145. Moretti, J.; Chastagner, P.; Liang, C.C.; Cohn, M.A.; Israel, A.; Brou, C. The ubiquitin-specific protease 12 (USP12) is a negative regulator of notch signaling acting on notch receptor trafficking toward degradation. J. Biol. Chem. 2012, 287, 29429–29441. [Google Scholar] [CrossRef] [PubMed]
  146. Jacomin, A.C.; Fauvarque, M.O.; Taillebourg, E. A functional endosomal pathway is necessary for lysosome biogenesis in Drosophila. BMC Cell Biol. 2016, 17, 36. [Google Scholar] [CrossRef] [PubMed]
  147. Fu, Q.; Xiang, Y.K. Trafficking of β-adrenergic receptors: Implications in intracellular receptor signaling. In Progress in Molecular Biology and Translational Science; Wu, G., Ed.; Academic Press: New York, NY, USA, 2015; Volume 132, pp. 151–188. [Google Scholar]
  148. Kommaddi, R.P.; Jean-Charles, P.Y.; Shenoy, S.K. Phosphorylation of the deubiquitinase USP20 by Protein Kinase A regulates post-endocytic trafficking of β2 adrenergic receptors to autophagosomes during physiological stress. J. Biol. Chem. 2015, 290, 8888–8903. [Google Scholar] [CrossRef] [PubMed]
  149. Berthouze, M.; Venkataramanan, V.; Li, Y.; Shenoy, S.K. The deubiquitinases USP33 and USP20 coordinate β2 adrenergic receptor recycling and resensitization. EMBO J. 2009, 28, 1684–1696. [Google Scholar] [CrossRef] [PubMed]
  150. Takahashi, Y.; He, H.; Tang, Z.; Hattori, T.; Liu, Y.; Young, M.M.; Serfass, J.M.; Chen, L.; Gebru, M.; Chen, C.; et al. An autophagy assay reveals the ESCRT-Ш component CHMP2A as a regulator of phagophore closure. Nat. Commun. 2018, 9, 2855. [Google Scholar] [CrossRef] [PubMed]
  151. Chen, S.; Jing, Y.; Kang, X.; Yang, L.; Wang, D.L.; Zhang, W.; Zhang, L.; Chen, P.; Chang, J.F.; Yang, X.M.; et al. Histone H2B monoubiquitination is a critical epigenetic switch for the regulation of autophagy. Nucleic. Acids Res. 2017, 45, 1144–1158. [Google Scholar] [CrossRef] [PubMed]
  152. Mesquita, F.S.; Thomas, M.; Sachse, M.; Santos, A.J.; Figueira, R.; Holden, D.W. The salmonella deubiquitinase Ssel inhibits selective autophagy of cytosolic aggregates. PLoS Pathog. 2012, 8, e1002743. [Google Scholar] [CrossRef] [PubMed]
  153. Rytkonen, A.; Poh, J.; Garmendia, J.; Boyle, C.; Thompson, A.; Liu, M.; Freemont, P.; Hinton, J.C.; Holden, D.W. Ssel, a salmonella deubiquitinase required for macrophage killing and virulence. Proc. Natl. Acad. Sci. USA 2007, 104, 3502–3507. [Google Scholar] [CrossRef] [PubMed]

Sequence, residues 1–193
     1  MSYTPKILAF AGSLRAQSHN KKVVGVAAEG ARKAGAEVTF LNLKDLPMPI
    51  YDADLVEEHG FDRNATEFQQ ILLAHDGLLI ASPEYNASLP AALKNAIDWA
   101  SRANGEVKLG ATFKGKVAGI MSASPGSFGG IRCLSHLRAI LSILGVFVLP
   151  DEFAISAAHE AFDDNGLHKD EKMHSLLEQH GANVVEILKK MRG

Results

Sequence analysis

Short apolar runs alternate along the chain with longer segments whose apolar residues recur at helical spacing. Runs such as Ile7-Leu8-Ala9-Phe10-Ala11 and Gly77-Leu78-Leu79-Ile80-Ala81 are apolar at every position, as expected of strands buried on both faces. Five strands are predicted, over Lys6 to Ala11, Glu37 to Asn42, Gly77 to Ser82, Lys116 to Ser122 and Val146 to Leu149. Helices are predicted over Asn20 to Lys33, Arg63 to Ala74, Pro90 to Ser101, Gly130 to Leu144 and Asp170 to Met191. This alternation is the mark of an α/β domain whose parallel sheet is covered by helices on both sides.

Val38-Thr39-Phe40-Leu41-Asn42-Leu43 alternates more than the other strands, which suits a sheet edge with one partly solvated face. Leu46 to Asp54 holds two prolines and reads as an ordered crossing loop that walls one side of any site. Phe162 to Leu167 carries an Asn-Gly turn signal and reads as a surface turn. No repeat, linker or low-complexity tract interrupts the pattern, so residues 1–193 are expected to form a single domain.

154. Choy, A.; Dancourt, J.; Mugo, B.; O’Connor, T.J.; Isberg, R.R.; Melia, T.J.; Roy, C.R. The legionella effector RavZ inhibits host autophagy through irreversible Atg8 deconjugation. Science 2012, 338, 1072–1076. [Google Scholar] [CrossRef] [PubMed]
  155. Yang, A.; Pantoom, S.; Wu, Y.W. Elucidation of the anti-autophagy mechanism of the legionella effector RavZ using semisynthetic LC3 proteins. eLife 2017, 6, e23905. [Google Scholar] [CrossRef] [PubMed]
  156. Kubori, T.; Bui, X.T.; Hubber, A.; Nagai, H. Legionella RavZ plays a role in preventing ubiquitin recruitment to bacteria-containing vacuoles. Front Cell Infect. Microbiol. 2017, 7. [Google Scholar] [CrossRef] [PubMed]
  157. Horenkamp, F.A.; Kauffman, K.J.; Kohler, L.J.; Sherwood, R.K.; Krueger, K.P.; Shteyn, V.; Roy, C.R.; Melia, T.J.; Reinisch, K.M. The legionella anti-autophagy effector RavZ targets the autophagosome via PI3P- and curvature-sensing motifs. Dev. Cell 2015, 34, 569–576. [Google Scholar] [CrossRef] [PubMed]
  158. Jackson, W.T. Viruses and the autophagy pathway. Virology 2015, 479–480, 450–456. [Google Scholar] [CrossRef] [PubMed]
  159. Maier, H.J.; Britton, P. Involvement of autophagy in coronavirus replication. Viruses 2012, 4, 3440–3451. [Google Scholar] [CrossRef] [PubMed]
  160. Clementz, M.A.; Chen, Z.; Banach, B.S.; Wang, Y.; Sun, L.; Ratia, K.; Baez-Santos, Y.M.; Wang, J.; Takayama, J.; Ghosh, A.K.; et al. Deubiquitinating and interferon antagonism activities of coronavirus papain-like proteases. J. Virol. 2010, 84, 4619–4629. [Google Scholar] [CrossRef] [PubMed]
  161. Chen, X.; Wang, K.; Xing, Y.; Tu, J.; Yang, X.; Zhao, Q.; Li, K.; Chen, Z. Coronavirus membrane-associated papain-like proteases induce autophagy through interacting with beclin1 to negatively regulate antiviral innate immunity. Protein Cell 2014, 5, 912–927. [Google Scholar] [CrossRef] [PubMed]